Limiting neonicotinoids may be putting cart before horse

Set the stage for a fight.

Ontario has moved to re-strict the number of acres treated with neonicotinoid pesticides by 80 percent by 2017, and tensions between the provincial government, grain farmers and beekeepers are mounting.

Many of the province’s beekeepers are over the moon, while grain farmers are fuming.

Meanwhile, the Ontario government, whose relationship with rural Ontario remains strained, is left trying to negotiate a solution that will appease both sides.

It’s no secret that the provincial government has been under mounting public pressure to do something about the neonicotinoid issue. After all, premier Kathleen Wynne included the issue in her mandate letter to agriculture minister Jeff Leal.

In July, Leal announced Ontario would restrict the pesticide by the 2015 planting season, a pledge he later retracted after furious farmers informed him they had already bought next year’s seed.

Then, in October, environmental commissioner Gord Miller recommended Ontario move toward banning the insecticide on its own, rather than waiting for Ottawa to act.

It’s worth noting that Ontario’s decision comes as Ottawa waits for two reports from the Pest Management Regulatory Agency: a summary of the 2014 planting season and the agency’s interim report of its review of neonicotinoids. Both reports are expected next year.

Then there’s the Registered Nurses of Ontario and a group called the Canadian Association of Physicians for the Environment, whose membership includes doctors, health-care professionals and citizens. The groups are now warning that the pesticides could harm children’s health, despite conclusive science.

Pubic attention is mounting. In August, an Oracle poll found 87 per cent of Ontario residents felt something needed to be done about neonicotinoids, while 92 percent wanted the province to protect pollinators.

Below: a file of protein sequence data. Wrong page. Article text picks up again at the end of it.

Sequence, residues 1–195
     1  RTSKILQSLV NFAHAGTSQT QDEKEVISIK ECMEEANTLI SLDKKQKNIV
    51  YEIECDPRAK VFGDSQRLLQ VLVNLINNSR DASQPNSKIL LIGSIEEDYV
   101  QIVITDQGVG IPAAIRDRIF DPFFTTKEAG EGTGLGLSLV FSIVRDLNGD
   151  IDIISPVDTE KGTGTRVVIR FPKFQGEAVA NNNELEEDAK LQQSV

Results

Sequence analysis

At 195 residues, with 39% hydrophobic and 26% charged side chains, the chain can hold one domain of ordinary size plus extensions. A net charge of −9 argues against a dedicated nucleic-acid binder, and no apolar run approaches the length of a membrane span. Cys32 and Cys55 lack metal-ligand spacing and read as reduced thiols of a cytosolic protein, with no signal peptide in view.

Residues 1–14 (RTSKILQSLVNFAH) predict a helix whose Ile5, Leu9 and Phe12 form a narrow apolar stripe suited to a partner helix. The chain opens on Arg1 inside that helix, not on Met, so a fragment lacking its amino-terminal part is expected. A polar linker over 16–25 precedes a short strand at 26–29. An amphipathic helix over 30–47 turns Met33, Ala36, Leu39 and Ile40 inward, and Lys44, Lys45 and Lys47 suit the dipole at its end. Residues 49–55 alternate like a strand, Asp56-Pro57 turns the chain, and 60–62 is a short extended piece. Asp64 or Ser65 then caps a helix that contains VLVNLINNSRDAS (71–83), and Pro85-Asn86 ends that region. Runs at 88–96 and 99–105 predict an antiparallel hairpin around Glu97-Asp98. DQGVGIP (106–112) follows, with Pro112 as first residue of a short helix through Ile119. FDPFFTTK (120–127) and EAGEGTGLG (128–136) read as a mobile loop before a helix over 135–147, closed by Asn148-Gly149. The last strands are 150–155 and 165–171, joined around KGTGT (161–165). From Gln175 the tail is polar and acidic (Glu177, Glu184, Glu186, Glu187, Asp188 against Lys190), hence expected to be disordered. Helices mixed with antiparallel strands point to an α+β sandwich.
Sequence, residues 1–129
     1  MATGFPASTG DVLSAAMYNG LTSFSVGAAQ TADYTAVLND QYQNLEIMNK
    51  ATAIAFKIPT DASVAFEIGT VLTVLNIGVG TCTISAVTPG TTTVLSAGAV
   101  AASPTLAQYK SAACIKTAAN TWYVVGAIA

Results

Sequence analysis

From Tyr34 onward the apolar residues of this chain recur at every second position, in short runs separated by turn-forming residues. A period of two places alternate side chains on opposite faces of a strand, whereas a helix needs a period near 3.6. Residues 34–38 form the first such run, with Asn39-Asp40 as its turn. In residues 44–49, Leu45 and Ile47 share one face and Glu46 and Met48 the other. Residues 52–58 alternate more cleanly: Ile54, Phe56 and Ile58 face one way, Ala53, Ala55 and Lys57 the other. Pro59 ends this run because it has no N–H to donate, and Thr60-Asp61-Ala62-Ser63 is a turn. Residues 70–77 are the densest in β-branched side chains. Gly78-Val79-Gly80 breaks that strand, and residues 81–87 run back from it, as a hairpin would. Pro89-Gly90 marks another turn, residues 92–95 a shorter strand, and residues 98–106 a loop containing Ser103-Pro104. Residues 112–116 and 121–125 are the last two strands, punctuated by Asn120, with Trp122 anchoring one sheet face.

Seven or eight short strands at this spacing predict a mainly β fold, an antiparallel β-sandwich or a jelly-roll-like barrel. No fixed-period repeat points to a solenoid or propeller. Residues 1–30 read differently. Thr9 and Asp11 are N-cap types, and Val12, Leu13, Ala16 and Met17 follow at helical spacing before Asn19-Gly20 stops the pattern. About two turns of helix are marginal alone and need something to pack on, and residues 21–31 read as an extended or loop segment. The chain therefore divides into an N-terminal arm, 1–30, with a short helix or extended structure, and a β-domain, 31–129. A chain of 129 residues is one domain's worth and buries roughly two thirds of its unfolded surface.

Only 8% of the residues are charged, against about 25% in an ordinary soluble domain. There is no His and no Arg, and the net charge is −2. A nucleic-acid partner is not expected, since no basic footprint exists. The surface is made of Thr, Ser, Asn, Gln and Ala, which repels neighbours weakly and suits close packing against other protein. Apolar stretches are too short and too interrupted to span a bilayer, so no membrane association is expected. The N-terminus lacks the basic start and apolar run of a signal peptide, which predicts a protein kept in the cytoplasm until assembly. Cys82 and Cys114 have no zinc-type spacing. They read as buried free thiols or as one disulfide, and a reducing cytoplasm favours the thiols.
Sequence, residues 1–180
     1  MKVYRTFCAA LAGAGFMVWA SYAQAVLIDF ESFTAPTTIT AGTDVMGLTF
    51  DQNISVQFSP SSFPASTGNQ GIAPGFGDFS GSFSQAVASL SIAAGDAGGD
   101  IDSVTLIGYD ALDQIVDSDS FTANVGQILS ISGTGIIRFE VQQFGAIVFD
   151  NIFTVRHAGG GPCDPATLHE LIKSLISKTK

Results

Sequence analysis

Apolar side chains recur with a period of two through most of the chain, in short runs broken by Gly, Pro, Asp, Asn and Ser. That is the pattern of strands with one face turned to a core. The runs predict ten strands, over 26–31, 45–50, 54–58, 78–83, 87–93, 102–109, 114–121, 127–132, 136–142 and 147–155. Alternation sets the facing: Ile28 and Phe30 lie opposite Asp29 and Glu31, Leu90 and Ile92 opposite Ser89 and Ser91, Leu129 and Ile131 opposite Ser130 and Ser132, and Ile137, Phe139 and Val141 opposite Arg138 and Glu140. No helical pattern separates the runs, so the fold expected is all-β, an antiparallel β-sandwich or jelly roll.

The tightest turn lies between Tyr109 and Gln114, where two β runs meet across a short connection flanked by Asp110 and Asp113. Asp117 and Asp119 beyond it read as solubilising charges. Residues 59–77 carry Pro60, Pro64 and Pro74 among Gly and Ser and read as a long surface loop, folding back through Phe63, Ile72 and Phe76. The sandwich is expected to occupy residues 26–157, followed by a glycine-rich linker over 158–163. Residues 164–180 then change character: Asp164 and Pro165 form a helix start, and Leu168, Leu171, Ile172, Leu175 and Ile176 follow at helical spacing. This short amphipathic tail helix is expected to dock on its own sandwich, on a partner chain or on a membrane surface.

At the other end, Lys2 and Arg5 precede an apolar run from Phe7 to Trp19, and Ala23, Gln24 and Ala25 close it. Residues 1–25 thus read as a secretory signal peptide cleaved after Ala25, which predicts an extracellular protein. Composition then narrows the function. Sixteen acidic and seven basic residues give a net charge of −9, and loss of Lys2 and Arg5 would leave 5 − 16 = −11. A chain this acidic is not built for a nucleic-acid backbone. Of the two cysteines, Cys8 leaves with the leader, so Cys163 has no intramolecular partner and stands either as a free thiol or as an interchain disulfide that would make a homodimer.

The Ontario government is in a tough spot.

A ban on neonicotinoids will resonate well with urban voters, many of whom have been inundated on public transit and social media with advertisements from various environmental groups warning them about “Ontario’s Killer Corn.”

However, the move is unlikely to win many favours in rural Ontario, which Wynne had previously pledged to better represent.

Remember, gaining support in rural Ontario was one of the reasons Wynne initially named herself agriculture minister when she was first elected in February 2013, a post she held until May 2014.

Corn and soybeans are Ontario’s two largest crops.

Statistics Canada said the province’s farmers planted a record three million acres of soybeans this year.

They planted another 1.9 million acres of corn, which was down 15 percent from last year, largely blamed on poor prices and delayed seeding thanks to a cold, wet spring.

Most of these acres are treated with neonicotinoid-treated seed, to the point where some seed suppliers in the province don’t even sell non-treated seed. Ninety-two to 95 percent of corn acres in Canada and the United States are treated with neon-icotinoids.

The province has made no assurances that enough non-treated seed will be available by the time the first restrictions are in place. Nor have officials committed that the non-treated seed will extend to the best varieties.

Then there are concerns about insurance liability, including who would be responsible during times of crop failure thanks to pests that would have previously been treated with neonicotinoids.

Nor have officials said who would be responsible for determining when and where neonicotinoids should be used.

The Ontario government has committed to working with industry to develop its new neonicotinoid framework.

With tensions between grain farmers and the government escalating, the outcomes of even those meetings are on shaky ground.

Several grain farmers, including officials with Grain Farmers of Ontario, have quietly told me they’re not sure it’s worth participating in the consultation process, given the province seems to have already made up its mind.

About the author


Stories from our other publications